Have any of you had a friendship fizzle out because you realized you werent a priority in their life/you stopped being a doormat? This happened to me at the end of last year and while it felt great to not stand for being a doormat anymore I still feel kind of sad about it since the first year was a really amazing friendship then slowly started becoming one-sided then she ultimately moved across the country. 99% of the time I’m fine, but then I’m reminded of it and I feel a weird mixture of sadness and embarrassment (especially since I have a good support network).

    • Sometimes you have a great friendship with someone at a particular time and then that time passes. Maybe you were in school, or neighbors, or you had kids who were the same age. Not all friendships can withstand not having that “thing” in common and this is normal. It’s also normal to be sad about it but try to reframe it in your mind as not you missing your friend but you missing that time when you were able to have that friendship.

      • Anonymous :

        I’ve definitely see this happen time and time again with work friendships – even the ones where both of us considered ourselves real friends not just coworkers; hung out outside work etc. It’s just that once one or both people left that job, moved cities etc. — that common bond was gone and with most people there isn’t enough to talk about if you weren’t talking about work gossip. (Not invariable – I have a few very close friends that I’ve had for 10+ yrs that I met at jobs and we’ve had divergent career paths – but I kind of wonder if that’s bc we met at 24 or 27 or whatever and they were our first “adult” post-school friendships).

    • Rainbow Hair :

      I am in the process of that happening right now. It stinks. I finally had to stand my ground on something, and Friend was like, “come onnnn can’t you be accommodating [to a ridiculous degree]?” and it’s like… “actually, no, i’m not doing that any more.” And I think it’s probably the death knell for our friendship, but whatever, if you can’t handle me occasionally establishing boundaries, maybe it’s not meant to be.

    • I’ve been ghosted by friends and I’ve ghosted friends. I’m not proud of the latter but it’s was less cruel (IMO) than telling one friend she was too clingy and needy and I just didn’t have the time, telling another friend that she is a narcissist and I am sick of it, and a third “friend” that all that crap she was talking about me behind my back was being repeated to me by all of the people she was saying it to. (I should probably have told off the third friend, but we are in the same professional circle, which is why all the smack talk was getting back to me.)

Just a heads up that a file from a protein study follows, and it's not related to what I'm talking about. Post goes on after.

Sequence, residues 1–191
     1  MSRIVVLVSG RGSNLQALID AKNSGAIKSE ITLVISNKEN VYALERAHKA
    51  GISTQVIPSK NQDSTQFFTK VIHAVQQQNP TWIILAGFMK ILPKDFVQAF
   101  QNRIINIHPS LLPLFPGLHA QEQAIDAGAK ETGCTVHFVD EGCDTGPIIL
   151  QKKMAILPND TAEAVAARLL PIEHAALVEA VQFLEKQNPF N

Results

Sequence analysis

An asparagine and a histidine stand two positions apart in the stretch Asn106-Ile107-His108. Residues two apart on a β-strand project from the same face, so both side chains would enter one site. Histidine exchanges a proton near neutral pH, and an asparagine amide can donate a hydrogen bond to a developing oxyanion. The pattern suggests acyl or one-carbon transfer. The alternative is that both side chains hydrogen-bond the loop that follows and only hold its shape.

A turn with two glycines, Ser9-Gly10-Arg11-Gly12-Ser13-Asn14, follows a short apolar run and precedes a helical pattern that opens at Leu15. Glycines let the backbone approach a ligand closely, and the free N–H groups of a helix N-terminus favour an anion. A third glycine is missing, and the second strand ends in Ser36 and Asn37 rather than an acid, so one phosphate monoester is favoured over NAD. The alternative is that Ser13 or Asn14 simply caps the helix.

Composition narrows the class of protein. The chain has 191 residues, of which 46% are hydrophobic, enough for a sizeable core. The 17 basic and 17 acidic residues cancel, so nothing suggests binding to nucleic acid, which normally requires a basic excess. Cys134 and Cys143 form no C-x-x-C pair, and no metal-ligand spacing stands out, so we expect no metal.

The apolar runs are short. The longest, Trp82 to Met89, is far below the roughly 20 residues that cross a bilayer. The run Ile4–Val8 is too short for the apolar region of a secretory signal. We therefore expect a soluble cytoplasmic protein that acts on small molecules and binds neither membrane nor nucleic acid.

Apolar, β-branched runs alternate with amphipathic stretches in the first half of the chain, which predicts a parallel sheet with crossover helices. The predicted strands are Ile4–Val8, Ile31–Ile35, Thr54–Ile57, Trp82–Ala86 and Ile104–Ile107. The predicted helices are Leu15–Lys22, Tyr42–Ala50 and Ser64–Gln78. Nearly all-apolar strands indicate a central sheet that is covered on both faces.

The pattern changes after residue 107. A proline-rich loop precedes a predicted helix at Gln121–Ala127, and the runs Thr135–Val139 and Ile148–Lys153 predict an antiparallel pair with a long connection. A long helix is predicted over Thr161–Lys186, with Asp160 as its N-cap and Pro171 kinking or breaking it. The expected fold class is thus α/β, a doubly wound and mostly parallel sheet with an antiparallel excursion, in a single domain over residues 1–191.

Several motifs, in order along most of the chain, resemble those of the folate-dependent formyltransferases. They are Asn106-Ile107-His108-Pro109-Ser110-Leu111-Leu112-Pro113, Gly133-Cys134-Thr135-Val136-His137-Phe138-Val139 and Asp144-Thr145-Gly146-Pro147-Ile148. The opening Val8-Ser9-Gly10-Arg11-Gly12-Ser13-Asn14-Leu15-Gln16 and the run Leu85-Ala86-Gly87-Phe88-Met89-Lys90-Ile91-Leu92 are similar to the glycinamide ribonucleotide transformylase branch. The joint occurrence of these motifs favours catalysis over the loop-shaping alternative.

All three of those women have other friends and will be fine without me. I also have friends I love and value and can barely manage to spend time with, much less carving time out for frenemies.

      Sometimes friendships aren’t meant to last, even if they were fun for a while. All three of the women in my example were great fun to hang out with – for a while.

    • Nudibranch :

      Yes. Once it became very clear that she expected me to fit into her schedule and be available when she wanted me too, but was not willing to do the same for me…I was done. I stopped jumping through hoops to be available to/for her, and we’re acquaintances rather than friends now. No regrets on my part.

    • Yes, I’ve had this happen repeatedly as friends get married and/or settle into serious relationships. I keep hoping they’ll snap out of it once they settle in and return to being good friends, but it just doesn’t happen. It’s been heartbreaking having my circle of what were close friends–not like college party friends, but really close friends–dwindle because I am just not a priority to them when they find their person. I feel your pain, and it’s frustrating. All I can say is that it’s OK to mourn it, it’s good to stand up for yourself and let them either step up or not, and I am sorry. And you can hang out with me if you’re in LA!

    • Wildkitten :

      It’s okay to mourn the friendship you wish you had.

  10. Super Day Interviews coming up :

    Any helpful suggestions on how to get through super day interviews? I have interviews with 10 people with a few breaks in between. Complicating this, I have anxiety BO/Sweat. What would you guys do to counter this?

    Thanks, I am nervous but am perfect for this job!

    • Wildkitten :

      You might want to talk to a doctor about the BO/Sweat. I know they can do armpit botox injections that can help, which seems extreme, but might not be in your situation. You might want to try the armit guard things but definitely test them out before your interview. How about putting anti-bacterial wipes in your purse so you can wipe off your underarms between chats? Prescription perspirant?

      Otherwise – figure out the best you can bring your heart rate down between interviews. Is it caling your mom to debrief, or playing yourself beyonce from your iphone so you chill? Figure it out, and use it when you have a minute.